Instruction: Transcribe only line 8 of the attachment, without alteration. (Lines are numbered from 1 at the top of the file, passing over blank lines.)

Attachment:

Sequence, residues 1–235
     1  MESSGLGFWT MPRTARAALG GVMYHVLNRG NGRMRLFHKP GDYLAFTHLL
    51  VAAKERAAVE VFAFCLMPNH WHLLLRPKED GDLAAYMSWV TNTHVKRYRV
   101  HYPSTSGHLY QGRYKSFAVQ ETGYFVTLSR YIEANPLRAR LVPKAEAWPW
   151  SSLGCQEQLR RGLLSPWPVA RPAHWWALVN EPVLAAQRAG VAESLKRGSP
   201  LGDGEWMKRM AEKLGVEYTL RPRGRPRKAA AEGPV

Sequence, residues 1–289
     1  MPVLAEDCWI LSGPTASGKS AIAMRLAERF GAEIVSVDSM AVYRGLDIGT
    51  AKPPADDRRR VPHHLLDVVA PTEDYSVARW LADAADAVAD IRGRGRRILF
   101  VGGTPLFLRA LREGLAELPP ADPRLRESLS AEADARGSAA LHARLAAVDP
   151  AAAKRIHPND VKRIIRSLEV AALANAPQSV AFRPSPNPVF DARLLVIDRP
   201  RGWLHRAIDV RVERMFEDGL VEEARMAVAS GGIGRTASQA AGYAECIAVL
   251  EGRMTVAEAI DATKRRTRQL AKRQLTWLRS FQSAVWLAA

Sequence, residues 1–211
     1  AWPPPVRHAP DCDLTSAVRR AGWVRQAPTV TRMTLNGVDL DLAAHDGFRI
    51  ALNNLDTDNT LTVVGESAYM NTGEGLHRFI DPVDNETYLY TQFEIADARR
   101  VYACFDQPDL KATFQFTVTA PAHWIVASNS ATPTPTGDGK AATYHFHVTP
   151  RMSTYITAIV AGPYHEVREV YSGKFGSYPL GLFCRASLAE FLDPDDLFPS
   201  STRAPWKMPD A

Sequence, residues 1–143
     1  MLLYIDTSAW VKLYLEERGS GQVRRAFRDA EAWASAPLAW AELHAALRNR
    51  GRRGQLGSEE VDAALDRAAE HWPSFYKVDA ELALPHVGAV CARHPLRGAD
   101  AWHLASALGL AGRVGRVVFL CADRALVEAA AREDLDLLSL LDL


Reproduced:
     1  MPVLAEDCWI LSGPTASGKS AIAMRLAERF GAEIVSVDSM AVYRGLDIGT